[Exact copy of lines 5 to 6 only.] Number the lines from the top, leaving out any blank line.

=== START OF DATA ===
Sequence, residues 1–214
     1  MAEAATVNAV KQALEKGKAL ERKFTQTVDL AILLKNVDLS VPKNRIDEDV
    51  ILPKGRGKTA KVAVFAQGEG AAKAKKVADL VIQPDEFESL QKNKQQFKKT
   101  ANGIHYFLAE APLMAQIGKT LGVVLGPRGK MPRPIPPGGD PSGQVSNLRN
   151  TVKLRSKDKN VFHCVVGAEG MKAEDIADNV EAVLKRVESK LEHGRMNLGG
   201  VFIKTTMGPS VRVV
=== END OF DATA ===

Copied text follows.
   151  TVKLRSKDKN VFHCVVGAEG MKAEDIADNV EAVLKRVESK LEHGRMNLGG
   201  VFIKTTMGPS VRVV